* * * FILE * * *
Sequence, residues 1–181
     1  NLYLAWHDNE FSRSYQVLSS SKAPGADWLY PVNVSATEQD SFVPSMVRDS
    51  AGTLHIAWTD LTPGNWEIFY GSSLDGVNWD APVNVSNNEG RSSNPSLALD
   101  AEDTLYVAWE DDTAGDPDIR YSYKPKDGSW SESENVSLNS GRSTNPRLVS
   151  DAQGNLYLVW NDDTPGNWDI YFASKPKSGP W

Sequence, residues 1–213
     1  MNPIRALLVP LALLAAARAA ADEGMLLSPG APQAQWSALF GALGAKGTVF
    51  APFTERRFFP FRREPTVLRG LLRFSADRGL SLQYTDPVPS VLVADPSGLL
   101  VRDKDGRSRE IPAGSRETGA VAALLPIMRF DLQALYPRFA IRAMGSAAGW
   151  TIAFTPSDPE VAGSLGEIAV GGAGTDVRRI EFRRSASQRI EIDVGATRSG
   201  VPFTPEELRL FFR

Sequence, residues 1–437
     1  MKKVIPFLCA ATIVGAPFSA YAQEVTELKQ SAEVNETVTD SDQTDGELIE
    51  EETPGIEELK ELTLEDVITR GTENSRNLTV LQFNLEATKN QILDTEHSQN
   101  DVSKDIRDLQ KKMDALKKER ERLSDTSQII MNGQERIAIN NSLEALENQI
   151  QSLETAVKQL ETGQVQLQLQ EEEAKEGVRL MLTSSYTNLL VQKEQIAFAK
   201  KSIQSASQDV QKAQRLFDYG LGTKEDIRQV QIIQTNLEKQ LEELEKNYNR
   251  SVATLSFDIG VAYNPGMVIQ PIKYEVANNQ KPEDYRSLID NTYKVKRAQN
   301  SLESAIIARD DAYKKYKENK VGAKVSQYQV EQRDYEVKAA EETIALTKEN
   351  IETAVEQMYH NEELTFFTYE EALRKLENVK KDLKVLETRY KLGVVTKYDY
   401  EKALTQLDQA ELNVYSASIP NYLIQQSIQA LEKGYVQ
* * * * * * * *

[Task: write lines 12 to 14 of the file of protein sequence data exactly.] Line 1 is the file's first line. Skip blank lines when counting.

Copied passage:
Sequence, residues 1–437
     1  MKKVIPFLCA ATIVGAPFSA YAQEVTELKQ SAEVNETVTD SDQTDGELIE
    51  EETPGIEELK ELTLEDVITR GTENSRNLTV LQFNLEATKN QILDTEHSQN